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    ABSTRACT: We report a theoretical investigation of H2O adsorption on the NaBH4(100) surface based on first principles density functional theory with inclusion of dispersion corrections in order to explore the initial stages of deliquescence at the molecular level. In the zero coverage limit, H2O is found to bind strongly to sodium sites on NaBH4(100) through O··· Na and O–H···H–B attractions. As the coverage increases H2O molecules adsorb on boron sites. H atoms in the adsorbed H2O monomer adopt tilted down (15°–20°) configurations with respect to the NaBH4(100) surface, which undergoes reconstruction in response to adsorbed H2O by rotations of BH4– groups of up to 90° and slight distortions of the positions of Na+ and BH4–. The adsorption energy per H2O is roughly independent of water coverage up to at least a coverage of four monolayers, suggesting that it is energetically feasible for water to condense on the surface, in agreement with experiments. We have experimentally studied the deliquescence of a mixture of NaBH4 with 10 wt % CoCl2. We found that CoCl2 lowers the deliquescence temperature compared to that for pure NaBH4 at a given vapor phase mole fraction of water; i.e., the deliquescence relative humidity is increased because of addition of CoCl2. Thus, while CoCl2 is a catalyst for aqueous phase hydrolysis of NaBH4, it actually inhibits deliquescence and hence delays the onset of steam hydrolysis.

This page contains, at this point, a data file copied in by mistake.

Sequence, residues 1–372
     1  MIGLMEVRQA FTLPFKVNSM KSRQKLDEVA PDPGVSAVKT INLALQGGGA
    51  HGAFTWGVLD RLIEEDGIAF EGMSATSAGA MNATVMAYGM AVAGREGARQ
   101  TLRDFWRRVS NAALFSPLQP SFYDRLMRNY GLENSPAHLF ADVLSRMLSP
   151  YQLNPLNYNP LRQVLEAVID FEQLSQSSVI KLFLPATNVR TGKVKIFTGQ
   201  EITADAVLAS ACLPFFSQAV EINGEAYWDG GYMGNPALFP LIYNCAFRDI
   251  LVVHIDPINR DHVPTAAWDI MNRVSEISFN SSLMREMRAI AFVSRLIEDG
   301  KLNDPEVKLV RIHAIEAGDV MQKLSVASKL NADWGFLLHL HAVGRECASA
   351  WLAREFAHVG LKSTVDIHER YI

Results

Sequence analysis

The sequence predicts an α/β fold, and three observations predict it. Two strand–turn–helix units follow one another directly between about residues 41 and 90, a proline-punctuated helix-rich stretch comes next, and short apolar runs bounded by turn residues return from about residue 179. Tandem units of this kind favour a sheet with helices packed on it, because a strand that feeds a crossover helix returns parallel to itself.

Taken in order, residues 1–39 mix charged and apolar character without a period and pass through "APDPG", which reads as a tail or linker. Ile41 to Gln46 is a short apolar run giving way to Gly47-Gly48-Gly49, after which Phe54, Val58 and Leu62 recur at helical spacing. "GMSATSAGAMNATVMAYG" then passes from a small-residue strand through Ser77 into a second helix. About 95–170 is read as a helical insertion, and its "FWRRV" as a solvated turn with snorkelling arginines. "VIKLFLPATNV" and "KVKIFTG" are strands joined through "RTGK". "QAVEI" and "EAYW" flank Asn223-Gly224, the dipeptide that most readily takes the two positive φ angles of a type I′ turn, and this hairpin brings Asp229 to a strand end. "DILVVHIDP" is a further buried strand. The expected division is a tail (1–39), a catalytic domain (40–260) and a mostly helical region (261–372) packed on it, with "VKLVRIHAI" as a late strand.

No preview · Article · Sep 2013 · Industrial & Engineering Chemistry Research
  • Rajasree Retnamma · C. M. Rangel · A. Q. Novais · Michael A. Matthews
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    ABSTRACT: Liquid-phase catalytic hydrolysis of sodium borohydride (NaBH4) for hydrogen production necessitates long-term stability of base-stabilized NaBH4 solutions at higher temperatures. The present paper reports the kinetics of aqueous-basic solutions containing 20 wt% NaBH4 with 1-15 wt% sodium hydroxide (NaOH) at 80 0C. The established kinetic model employs a modified isoconversional method assuming single-step kinetics. The estimation of kinetic parameters is performed by gPROMS (general PRocess Modeling System) parameter estimation tool. The reaction kinetics differs from low to highly-concentrated NaOH solutions. In highly-basic (≥10 wt% NaOH), aqueous solutions of NaBH4, the rate is independent of NaOH concentration, while for lower-basic (< 10 wt% NaOH) solutions, the dependence is -0.57, confirming the inhibition of hydrolysis kinetics by NaOH.
    No preview · Conference Paper · Jun 2013